Hughes Downgrade Reflects Market Jitters


Moody's Investors Service Inc. said last week that it
has put Hughes Electronics Corp.'s senior long-term commercial-paper ratings on
review for possible downgrade, reflecting Wall Street's sudden concerns over
direct-broadcast satellite stocks.

Shares of the leading DBS companies -- General Motors Corp.
subsidiary Hughes owns DirecTV Inc., while EchoStar Communications Corp. owns Dish Network
-- dipped last week after riding a near-tidal wave of optimism

EchoStar's share price -- which rose by nearly $20 in
the past month, to $97 -- fell about $10 from last Monday to Tuesday, closing at $87.50.
Hughes' stock dropped about 75 cents per share in that time frame.

Although EchoStar spiked by $6 per share earlier in the
week, from $91 to $97, the dip in the company's stock may have been spurred by a
downgrade by C.E. Unterberg, Towbin analyst William Kidd, who cut his rating from
"buy" to "hold."

Kidd wrote in a report on EchoStar that the stock may be
overvalued: "Although EchoStar's future is bright, the share price has run ahead
of the business. Pending 'catalysts' may be a prime opportunity to sell into
possible price strength -- an important factor to consider, given EchoStar's
often-tight liquidity."

EchoStar stock may have also been hurt by delays in
launching its next satellite, EchoStar V, which has been held back due to bad weather

Lockheed Martin Corp., which is launching the satellite,
has held back the launch on two occasions -- at press time, it was scheduled to launch
last Thursday -- because its Cape Canaveral, Fla., launch site was in the path of
Hurricane Floyd.

Although hurricanes haven't been a problem for
DirecTV, its stock may also be adversely affected by an unfavorable analyst report.

Last week, Moody's put Hughes' senior long-term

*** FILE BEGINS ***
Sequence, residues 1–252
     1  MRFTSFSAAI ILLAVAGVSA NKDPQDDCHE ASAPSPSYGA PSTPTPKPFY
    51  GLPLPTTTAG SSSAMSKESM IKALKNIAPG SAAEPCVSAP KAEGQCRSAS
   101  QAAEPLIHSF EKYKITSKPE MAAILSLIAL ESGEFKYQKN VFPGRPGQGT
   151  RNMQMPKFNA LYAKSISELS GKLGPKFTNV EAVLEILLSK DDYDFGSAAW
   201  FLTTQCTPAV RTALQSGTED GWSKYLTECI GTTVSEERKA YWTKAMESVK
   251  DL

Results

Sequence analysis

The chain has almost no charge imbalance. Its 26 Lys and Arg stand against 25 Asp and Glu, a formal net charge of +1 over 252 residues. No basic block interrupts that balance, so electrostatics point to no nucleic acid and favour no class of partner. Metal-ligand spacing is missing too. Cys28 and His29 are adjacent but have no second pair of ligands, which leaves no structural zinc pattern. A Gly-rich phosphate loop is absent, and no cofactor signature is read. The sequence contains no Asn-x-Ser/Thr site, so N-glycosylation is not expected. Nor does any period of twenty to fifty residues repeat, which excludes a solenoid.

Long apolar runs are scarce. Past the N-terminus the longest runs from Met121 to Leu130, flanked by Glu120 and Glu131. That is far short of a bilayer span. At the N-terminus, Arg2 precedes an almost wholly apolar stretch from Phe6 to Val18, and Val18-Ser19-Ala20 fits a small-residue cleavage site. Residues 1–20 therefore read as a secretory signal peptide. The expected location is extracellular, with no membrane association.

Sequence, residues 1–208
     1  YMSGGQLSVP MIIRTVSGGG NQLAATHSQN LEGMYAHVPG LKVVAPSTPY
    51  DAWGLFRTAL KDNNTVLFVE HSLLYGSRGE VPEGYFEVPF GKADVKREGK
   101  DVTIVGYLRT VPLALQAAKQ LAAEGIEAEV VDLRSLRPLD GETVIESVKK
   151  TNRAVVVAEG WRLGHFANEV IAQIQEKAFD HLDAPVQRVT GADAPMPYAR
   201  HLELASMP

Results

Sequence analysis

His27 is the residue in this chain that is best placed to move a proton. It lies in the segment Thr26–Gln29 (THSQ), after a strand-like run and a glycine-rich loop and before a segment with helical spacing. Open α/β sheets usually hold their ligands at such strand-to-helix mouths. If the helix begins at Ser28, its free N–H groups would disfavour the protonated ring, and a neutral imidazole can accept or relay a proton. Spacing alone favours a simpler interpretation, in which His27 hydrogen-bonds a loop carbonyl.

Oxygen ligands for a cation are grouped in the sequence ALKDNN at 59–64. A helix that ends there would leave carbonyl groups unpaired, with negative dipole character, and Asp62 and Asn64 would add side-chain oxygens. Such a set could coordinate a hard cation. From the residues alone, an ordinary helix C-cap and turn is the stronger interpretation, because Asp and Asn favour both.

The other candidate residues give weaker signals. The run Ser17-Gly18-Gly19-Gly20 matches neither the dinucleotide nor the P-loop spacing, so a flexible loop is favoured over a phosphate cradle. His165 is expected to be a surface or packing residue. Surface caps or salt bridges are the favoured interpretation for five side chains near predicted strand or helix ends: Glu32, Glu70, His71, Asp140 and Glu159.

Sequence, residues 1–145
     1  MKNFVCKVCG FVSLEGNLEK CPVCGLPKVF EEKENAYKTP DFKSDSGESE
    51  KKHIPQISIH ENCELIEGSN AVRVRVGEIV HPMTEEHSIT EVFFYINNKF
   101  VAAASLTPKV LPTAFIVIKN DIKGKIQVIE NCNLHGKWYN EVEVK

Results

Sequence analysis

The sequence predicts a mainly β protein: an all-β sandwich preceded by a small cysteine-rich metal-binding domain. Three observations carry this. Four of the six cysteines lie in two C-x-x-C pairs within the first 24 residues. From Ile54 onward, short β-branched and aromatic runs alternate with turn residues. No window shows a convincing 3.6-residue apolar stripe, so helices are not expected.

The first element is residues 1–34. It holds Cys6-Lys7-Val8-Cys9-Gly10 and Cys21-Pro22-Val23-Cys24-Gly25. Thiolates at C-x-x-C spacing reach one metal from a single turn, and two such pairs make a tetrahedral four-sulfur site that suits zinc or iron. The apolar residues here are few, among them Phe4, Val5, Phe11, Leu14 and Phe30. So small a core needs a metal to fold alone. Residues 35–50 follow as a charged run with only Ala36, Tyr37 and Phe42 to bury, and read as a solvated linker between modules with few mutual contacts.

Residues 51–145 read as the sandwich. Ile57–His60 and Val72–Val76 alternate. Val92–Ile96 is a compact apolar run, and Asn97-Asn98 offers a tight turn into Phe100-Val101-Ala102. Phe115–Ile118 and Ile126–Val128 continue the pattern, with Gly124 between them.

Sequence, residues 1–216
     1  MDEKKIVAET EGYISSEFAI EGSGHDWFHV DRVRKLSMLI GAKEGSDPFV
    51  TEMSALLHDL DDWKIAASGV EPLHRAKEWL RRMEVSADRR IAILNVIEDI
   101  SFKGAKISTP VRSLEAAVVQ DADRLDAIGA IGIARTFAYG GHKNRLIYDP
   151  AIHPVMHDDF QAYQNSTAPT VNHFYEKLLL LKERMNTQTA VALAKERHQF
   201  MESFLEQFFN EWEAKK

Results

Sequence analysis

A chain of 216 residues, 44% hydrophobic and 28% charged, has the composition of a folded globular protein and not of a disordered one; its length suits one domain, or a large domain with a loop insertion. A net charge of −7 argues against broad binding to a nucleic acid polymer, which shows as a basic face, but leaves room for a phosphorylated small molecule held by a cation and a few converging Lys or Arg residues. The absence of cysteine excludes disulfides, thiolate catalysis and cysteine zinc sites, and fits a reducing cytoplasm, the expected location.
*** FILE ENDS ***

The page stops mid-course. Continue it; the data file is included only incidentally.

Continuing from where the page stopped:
commercial paper on review, in part due to expectations of cash-flow shortfalls and higher
leverage at DirecTV relative to prior expectations.

Moody's expected debt to increase due to a number of
initiatives being undertaken by the company. But cash-flow shortfalls will likely push
capital requirements higher over the near term.

Although DirecTV is beating Moody's subscriber-growth
expectations, the rating service said that growth would crimp cash-flow growth, while
improving the company's longer-term prospects.

Aside from DirecTV, Hughes also has exposure to ICO Global
Communications Holdings Ltd., a London-based satellite-telephone company that recently
filed for bankruptcy protection.

Hughes owns a 4 percent stake in ICO, and it is the
company's largest contractor. Hughes said previously that it would potentially face
exposure of about $500 million, before taxes, if ICO was liquidated.

In addition, since Hughes is in an intensive
capital-spending period, Moody's review will also focus on the company's capital
requirements for projects like its own "Spaceway" broadband-data initiative and
its many international ventures, as well as on the health of the company's four main
business segments.

Although GM owns Hughes, its credit ratings assume no
support from GM.